Flags of our Fathers (2006)
In 1945, the Marines attack twelve thousand Japaneses protecting the twenty square kilometers of the sacred Iwo Jima island in a very violent battle. When they reach the Mount Suribachi and six Marines raise their flag on the top, the picture becomes a symbol in a post Great Depression America. The government brings the three survivors to America to raise funds for war, bringing hope to desolate people, and making the three men heroes of the war. However, the traumatized trio has difficulty dealing with the image built by their superiors, sharing the heroism with their mates.
During WW2 the American Government's war chest was empty because the American people didn't have faith that they could win so they stopped buying war bonds. So a campaign was launched using the photo of the Flag Raising at Iwo Jima. Now the three surviving men in the picture, Doc Bradley, Rene Gagnon and Ira Hayes are brought back to the U.S. for the bond drive. But when they arrive they learn that the story the government released to the press is full inaccuracies and they have keep on saying the story even though it's not true. While Rene Gagnon has no trouble saying it, Doc Bradley and Ira Hayes are not comfortable with it.
The picture of six marines raising the US flag after the exhausting, bloody conquest of barren volcanic island Iwo Jima, the first piece of sacred home soil the Japanese must cede, becomes iconic too for the Pacific campaign at the time giving false sense of victory being nearly won. A complex structure of flashbacks interlaces three phases in their lives. First the battle, involving countless comrades, many of whom fell like the Japanese defenders. Then the survivors being commandeered as the face of a homeland tour to sell the public war bonds to refill the empty war chest, a luxury reprieve from battle but also a guilt paradox. Finally the after-war, mainly trying to fit in civilian life again, until the present of the narrator, son of one of them.
The story behind one of the most iconic war images, and the consequences thereof. The photo of six men - five Marines and one Navy Corpsman - raising the US flag over Mount Surabachi during the Battle of Iwo Jima in WW2 is one of war's most memorable, stirring, famous and iconic images. We see the aftermath of the flag raising - how three of those men went back to the US as heroes and were used to promote war bond sales. Most of all, we see how they react and cope (or don't cope) with the fame and hero status. Through flashbacks we also see the lead-up to the flag raising, especially the bitter, bloody fighting on Iwo Jima, and the fighting afterwards, which was equally bloody.
In February, 1945, one of the fiercest battles of the Pacific theater of World War II occurs on the tiny island of Iwo Jima. Thousands of Marines attack the stronghold maintained by thousands of Japanese, and the slaughter on both sides is horrific. Early in the battle, an American flag is raised atop the high point, Mount Suribachi, and a photograph of the raising becomes an American cause celebre. As a powerful inspiration to war-sick Americans, the photo becomes a symbol of the Allied cause. The three surviving flag raisers, Rene Gagnon, John Bradley, and Ira Hayes, are whisked back to civilization to help raise funds for the war effort. But the accolades for heroism heaped upon the three men are at odds with their own personal realizations that thousands of real heroes lie dead on Iwo Jima, and that their own contributions to the fight are only symbolic and not deserving of the singling out they are experiencing. Each of the three must come to terms with the honors, exploitation, and grief that they face simply for being in a photograph.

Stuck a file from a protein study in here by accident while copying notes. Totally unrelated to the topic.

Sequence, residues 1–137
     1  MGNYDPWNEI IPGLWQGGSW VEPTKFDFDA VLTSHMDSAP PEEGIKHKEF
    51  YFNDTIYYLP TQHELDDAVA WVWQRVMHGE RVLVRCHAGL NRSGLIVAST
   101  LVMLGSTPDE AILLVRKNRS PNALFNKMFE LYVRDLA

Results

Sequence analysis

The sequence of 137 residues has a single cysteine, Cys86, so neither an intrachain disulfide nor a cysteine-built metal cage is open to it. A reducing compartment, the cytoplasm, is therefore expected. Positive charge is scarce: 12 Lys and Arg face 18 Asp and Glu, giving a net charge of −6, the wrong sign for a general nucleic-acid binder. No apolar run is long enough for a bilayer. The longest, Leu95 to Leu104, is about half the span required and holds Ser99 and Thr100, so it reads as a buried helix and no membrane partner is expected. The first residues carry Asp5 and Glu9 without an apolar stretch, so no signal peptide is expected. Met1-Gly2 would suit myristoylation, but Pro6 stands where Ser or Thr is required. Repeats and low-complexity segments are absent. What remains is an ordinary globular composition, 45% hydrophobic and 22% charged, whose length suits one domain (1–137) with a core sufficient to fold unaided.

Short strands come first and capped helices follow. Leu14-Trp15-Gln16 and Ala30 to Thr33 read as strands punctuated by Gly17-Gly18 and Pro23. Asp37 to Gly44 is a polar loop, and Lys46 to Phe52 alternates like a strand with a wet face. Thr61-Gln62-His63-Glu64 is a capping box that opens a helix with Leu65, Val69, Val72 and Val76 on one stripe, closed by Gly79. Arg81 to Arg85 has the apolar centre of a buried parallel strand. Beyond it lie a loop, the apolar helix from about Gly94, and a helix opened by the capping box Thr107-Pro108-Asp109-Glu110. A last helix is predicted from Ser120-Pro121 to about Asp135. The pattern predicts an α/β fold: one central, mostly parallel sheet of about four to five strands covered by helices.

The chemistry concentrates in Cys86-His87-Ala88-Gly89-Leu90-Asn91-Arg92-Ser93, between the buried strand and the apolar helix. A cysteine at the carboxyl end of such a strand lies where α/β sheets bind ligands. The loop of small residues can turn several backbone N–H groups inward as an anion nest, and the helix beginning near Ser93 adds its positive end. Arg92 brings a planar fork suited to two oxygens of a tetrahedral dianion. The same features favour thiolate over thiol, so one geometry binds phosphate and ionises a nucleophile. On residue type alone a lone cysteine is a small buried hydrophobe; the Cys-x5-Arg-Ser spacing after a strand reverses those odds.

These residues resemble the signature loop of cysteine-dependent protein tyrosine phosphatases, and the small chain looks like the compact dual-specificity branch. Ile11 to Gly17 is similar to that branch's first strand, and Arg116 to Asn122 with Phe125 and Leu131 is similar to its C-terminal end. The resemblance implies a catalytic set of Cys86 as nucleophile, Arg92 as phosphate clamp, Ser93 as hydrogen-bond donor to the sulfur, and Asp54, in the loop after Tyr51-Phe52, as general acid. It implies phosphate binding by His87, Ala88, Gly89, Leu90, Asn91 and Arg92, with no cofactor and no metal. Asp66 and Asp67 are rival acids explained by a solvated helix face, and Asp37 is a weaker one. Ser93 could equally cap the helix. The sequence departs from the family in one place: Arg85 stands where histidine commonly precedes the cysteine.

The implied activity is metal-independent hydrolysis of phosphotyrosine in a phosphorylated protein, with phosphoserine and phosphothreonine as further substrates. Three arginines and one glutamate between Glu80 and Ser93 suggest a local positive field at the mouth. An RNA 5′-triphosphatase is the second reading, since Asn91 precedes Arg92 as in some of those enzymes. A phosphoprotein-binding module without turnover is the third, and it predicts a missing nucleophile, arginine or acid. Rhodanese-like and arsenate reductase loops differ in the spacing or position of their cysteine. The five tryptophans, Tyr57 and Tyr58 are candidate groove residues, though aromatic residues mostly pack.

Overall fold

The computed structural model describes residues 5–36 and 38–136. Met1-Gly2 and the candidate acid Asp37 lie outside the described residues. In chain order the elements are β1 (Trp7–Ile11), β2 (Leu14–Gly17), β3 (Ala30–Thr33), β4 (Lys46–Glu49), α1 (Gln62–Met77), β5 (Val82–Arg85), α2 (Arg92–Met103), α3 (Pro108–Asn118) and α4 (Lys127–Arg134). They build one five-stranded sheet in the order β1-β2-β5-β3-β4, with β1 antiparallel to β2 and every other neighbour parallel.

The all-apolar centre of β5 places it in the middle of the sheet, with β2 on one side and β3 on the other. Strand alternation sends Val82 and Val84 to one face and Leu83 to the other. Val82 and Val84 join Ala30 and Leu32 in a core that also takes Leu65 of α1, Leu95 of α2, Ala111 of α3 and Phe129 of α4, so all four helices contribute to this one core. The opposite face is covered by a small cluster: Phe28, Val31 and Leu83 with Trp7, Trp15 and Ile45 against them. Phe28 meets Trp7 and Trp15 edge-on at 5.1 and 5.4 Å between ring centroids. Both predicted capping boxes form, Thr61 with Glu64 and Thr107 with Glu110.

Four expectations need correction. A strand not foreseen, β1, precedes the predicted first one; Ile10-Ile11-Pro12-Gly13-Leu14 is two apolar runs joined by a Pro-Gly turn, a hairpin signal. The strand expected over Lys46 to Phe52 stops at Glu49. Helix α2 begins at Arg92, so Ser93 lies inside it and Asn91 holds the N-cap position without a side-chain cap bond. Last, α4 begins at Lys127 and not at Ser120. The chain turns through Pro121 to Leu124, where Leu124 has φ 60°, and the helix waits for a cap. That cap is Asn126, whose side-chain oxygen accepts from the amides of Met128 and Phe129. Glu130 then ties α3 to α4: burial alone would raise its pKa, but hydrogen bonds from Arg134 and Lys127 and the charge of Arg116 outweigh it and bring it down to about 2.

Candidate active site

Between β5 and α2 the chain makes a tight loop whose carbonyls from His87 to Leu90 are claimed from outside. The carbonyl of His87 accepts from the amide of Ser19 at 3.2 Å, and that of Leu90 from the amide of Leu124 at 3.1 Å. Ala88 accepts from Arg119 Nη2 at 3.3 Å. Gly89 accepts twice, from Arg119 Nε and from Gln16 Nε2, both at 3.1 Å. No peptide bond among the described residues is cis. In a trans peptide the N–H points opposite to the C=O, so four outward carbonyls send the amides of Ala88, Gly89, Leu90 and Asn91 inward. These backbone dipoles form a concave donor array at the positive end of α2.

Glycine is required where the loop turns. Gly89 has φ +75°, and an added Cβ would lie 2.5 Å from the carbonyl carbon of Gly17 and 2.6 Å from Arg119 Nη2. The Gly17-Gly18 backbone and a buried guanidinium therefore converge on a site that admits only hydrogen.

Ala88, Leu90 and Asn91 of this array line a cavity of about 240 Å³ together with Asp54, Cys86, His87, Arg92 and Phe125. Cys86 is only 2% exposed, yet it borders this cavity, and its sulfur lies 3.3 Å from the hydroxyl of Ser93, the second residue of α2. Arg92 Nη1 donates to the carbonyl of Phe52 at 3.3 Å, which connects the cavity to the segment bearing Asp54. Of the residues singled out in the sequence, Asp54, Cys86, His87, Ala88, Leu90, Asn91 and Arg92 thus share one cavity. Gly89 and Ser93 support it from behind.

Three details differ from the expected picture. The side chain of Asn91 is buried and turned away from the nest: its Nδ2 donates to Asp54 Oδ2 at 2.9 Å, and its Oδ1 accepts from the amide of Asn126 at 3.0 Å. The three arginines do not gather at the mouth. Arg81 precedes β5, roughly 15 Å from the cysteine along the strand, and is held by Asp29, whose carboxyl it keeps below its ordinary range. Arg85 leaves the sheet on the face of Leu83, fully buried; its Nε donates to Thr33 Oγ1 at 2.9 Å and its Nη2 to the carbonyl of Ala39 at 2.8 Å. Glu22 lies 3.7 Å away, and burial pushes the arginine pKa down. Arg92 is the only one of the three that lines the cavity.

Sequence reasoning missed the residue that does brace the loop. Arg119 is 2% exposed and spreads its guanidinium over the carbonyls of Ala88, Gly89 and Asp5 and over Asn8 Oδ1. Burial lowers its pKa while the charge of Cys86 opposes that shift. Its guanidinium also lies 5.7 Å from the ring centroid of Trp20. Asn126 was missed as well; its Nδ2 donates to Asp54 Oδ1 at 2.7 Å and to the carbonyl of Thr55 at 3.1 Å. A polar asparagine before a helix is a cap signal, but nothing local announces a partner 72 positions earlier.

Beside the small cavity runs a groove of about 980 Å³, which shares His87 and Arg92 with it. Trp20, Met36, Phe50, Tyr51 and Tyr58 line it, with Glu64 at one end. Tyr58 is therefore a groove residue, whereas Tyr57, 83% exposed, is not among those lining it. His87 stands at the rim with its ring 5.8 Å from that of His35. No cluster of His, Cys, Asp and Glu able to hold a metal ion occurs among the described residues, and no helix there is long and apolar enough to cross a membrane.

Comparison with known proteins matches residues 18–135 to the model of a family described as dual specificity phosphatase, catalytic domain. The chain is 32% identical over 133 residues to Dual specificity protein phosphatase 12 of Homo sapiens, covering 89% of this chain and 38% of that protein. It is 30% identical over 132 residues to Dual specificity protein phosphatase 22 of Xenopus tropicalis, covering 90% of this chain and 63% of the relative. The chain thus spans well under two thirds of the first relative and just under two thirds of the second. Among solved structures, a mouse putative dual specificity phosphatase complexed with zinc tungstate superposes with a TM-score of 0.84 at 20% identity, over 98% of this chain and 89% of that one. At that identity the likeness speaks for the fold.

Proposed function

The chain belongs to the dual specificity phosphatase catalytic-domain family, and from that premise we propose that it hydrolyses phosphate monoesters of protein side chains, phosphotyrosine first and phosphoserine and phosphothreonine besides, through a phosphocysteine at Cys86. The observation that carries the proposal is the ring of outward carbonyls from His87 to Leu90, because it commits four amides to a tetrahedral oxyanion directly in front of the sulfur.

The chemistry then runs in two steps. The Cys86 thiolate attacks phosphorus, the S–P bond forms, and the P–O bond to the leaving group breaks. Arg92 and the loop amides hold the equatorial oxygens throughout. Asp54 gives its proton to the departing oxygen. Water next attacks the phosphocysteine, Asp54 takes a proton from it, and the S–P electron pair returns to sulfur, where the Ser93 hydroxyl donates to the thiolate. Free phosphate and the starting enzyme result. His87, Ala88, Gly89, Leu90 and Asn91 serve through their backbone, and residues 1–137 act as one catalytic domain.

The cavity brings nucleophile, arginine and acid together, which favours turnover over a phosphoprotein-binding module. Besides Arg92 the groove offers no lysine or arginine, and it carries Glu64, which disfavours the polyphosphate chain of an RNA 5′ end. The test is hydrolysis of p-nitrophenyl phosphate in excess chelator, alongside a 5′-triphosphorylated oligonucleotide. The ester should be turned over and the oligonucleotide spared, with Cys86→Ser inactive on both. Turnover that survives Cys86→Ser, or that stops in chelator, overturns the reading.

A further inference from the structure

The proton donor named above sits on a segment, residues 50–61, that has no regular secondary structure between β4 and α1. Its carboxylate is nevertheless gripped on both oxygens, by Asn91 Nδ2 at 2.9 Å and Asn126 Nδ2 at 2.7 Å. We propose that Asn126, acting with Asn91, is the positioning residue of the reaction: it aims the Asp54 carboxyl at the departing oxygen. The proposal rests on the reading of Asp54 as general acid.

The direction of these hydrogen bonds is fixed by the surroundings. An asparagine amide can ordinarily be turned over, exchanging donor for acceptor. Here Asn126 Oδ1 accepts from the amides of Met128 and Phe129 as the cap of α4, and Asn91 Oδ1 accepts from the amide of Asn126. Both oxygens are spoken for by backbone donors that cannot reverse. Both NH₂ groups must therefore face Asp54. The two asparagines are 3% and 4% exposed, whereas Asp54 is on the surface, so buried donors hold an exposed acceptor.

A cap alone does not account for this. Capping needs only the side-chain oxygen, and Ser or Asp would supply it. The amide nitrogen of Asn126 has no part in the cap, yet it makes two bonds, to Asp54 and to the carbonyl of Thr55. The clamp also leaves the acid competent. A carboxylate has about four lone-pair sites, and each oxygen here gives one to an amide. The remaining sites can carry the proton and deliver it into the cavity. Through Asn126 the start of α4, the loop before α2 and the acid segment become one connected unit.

The life stories of the six men who raised the flag at the Battle of Iwo Jima, a turning point in World War II.
- There were five Marines and one Navy Corpsman photographed raising the U.S. flag on Mt. Suribachi by Joe Rosenthal on February 23, 1945. "Flags of Our Fathers" is the story of three of the six surviving servicemen, John "Doc" Bradley (Ryan Phillippe), Pvt. Rene Gagnon (Jesse Bradford), and Pvt. Ira Hayes (Adam Beach), who fought in the battle to take Iwo Jima. The picture became one of the most famous images of the U.S. winning a battle during WWII. However, the battle for Iwo Jima raged on for another month with three of the marines being killed in action. The other three servicemen were taken out of battle and flown back to the states. The photo made these men heroes, and the government used these new heroes to promote the selling of war bonds on the War Bond Tour. The three men did not believe they were heroes, even though the American public did. Douglas Young (the-movie-guy)